At 51 years old, Claudia Karvan has this physical status:
Karvan debuted in the children's film, Molly (1983), where she appeared as Maxie Ireland who befriends a talented dog, Molly. Eleanor Mannika of AllMovie reviewed it, "In this uneven children's story... [Molly's] new, young caretaker Maxie ([Karvan]) has her hands full because the villainous 'Old Dan'... [who] is such a sinister, psychotic type that the intended sense of adventure in the film is often no more than a sense of the macabre."
In 1987, she appeared in Phillip Noyce's Echoes of Paradise and then alongside Judy Davis in Gillian Armstrong's High Tide that same year. Paul Fischer of Tharunka described how, "virtually stealing the film is talented 14-year old, [Karvan]... she gives a vivid performance... [she] is brilliant in the demanding role, as she works beautifully with face and eyes to evoke various degrees of emotion. This young actor will do well in the future."
Karvan later reflected, "acting opposite Judy Davis, all the work's done for you. I remember her close-up was first and I was just bawling off camera... she's very powerful... I never look forward to [crying on screen]... [it] is a lot harder and a lot more, more confronting and lot more — You feel a lot more vulnerable. And I resist it." She received a nomination for AFI Award (Australian Film Institute Award) for Best Performance by an Actress in a Supporting Role (later re-titled AACTA Award for Best Actress in a Supporting Role) for her portrayal of Ally in High Tide but lost to Jan Adele, who depicted her grandmother, Bet, in the same film.
At 17-years-old Karvan secured a lead role, Joanna Johnson, in the Australian comedy, caper movie, The Big Steal (1990). Her love-interest, Danny Clarke (portrayed by Ben Mendelsohn), tries to impress her with his car, "[she] agrees to a date. But just as it seems that nirvana is to be easily attained, the motor blows up, along with the date." Mary Colbert of Filmnews observed, "It's first class entertainment; but a little more absurdity in the main characters ([Mendelsohn] and [Karvan]) would not have gone astray... [Karvan], affable and lovely, has the least developed role in the film – a waste of potential comic conflict."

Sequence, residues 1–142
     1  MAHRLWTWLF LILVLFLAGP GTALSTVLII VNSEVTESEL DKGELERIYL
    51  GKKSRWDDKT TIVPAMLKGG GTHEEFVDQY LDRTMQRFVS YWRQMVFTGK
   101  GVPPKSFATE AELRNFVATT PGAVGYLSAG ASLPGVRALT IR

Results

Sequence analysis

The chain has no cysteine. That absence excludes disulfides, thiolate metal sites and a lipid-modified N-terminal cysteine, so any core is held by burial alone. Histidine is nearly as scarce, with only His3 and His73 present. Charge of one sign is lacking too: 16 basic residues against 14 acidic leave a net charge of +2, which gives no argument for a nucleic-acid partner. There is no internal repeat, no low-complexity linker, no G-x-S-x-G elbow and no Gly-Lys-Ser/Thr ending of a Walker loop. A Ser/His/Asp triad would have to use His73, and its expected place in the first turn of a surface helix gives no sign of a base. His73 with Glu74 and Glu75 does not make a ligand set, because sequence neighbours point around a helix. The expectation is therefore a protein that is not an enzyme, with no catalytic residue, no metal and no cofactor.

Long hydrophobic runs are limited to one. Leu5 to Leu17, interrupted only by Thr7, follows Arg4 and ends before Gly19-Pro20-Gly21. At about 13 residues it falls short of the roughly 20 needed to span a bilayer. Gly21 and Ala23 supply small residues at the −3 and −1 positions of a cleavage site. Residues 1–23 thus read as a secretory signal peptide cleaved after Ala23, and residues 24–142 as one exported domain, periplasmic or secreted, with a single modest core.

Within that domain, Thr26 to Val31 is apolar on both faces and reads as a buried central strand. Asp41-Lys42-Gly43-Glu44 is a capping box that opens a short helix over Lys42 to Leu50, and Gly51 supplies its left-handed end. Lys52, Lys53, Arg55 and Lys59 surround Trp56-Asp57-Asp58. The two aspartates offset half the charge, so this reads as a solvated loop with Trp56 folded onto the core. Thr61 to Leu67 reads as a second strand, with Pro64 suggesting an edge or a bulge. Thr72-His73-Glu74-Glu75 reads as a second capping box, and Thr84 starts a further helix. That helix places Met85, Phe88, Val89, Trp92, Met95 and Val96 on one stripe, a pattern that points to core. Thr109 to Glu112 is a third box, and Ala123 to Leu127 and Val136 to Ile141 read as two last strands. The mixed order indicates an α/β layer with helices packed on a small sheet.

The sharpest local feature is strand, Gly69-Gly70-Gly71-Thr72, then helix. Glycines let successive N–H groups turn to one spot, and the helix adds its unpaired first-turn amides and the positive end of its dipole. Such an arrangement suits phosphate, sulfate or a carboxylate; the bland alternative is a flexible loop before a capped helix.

In 1993 Karvan portrayed a 22-year-old secondary school teacher, Christina Papadopoulos, in The Heartbreak Kid. Her character has an affair with a 17-year-old student, Nick Polides (Alex Dimitriades). Paul Bongiorno, writing for The Canberra Times, observed, "As the lead player Karvan earns much sympathy. Watching her parents and fiancee plan her life, the audience hopes that Christina will stay with Nick." Producer, Ben Gannon, told Bongiorno, "it's such a difficult role. You don't want somebody coming across as a school teacher preying on a young student. She is intelligent. She has a complexity. And you can believe she is Greek." Gannon used the work for the related TV series, Heartbreak High (1994–1999); where Karvan's character of Christine was portrayed by Sarah Lambert.
Karvan starred alongside fellow Australian actor Guy Pearce in Flynn (as My Forgotten Man, 1993) (playing the young fiancée of Errol Flynn) and Dating the Enemy (1996) (where the partners are body swapped). For Flynn shooting had started in 1989, when Karvan was 17, but due to various legal and financial disputes it had to be re-shot with some new cast members, a new director and new producers. By the time Flynn was released to video in 1996, Dating the Enemy had appeared in cinemas, as "a second (much better) movie with Pearce."
Karvan had auditioned for the lead in the comedy film, All Men Are Liars (1995), but did not take it up, which went to fellow actress, Toni Pearen. Pearen recalled "the producer and the director telling me that [Karvan] was their first choice and she actually did a better audition than me. She was my favourite actress and I always had in the back of my mind 'oh my God, Claudia Karvan was better than me, so I have to be really good!'" She worked opposite Hugh Jackman in a romantic comedy, Paperback Hero (1999). In the same year she was nominated for an AFI Award for Best Performance by an Actress in a Supporting Role for the Percy Grainger biopic, Passion. She portrayed Grainger's early love interest, Alfhild de Luce, opposite Richard Roxburgh.
The actress took on the character, Sola Naberrie, in Star Wars: Episode III – Revenge of the Sith (2005), as the older sister of Padmé Amidala (played by Natalie Portman). As Sola she had also filmed scenes for Star Wars: Episode II – Attack of the Clones (2002), but they were cut from the theatrical release and appear only as an extra on the related two-disc DVD. She described working on the 2002 film, "It was one day's work and there was about 10 wardrobe calls for that one day. Amazing outfits. It felt a bit like — whew, this is big! But then you get on the set, and it's an all-Australian crew and it was lovely. I felt comfortable."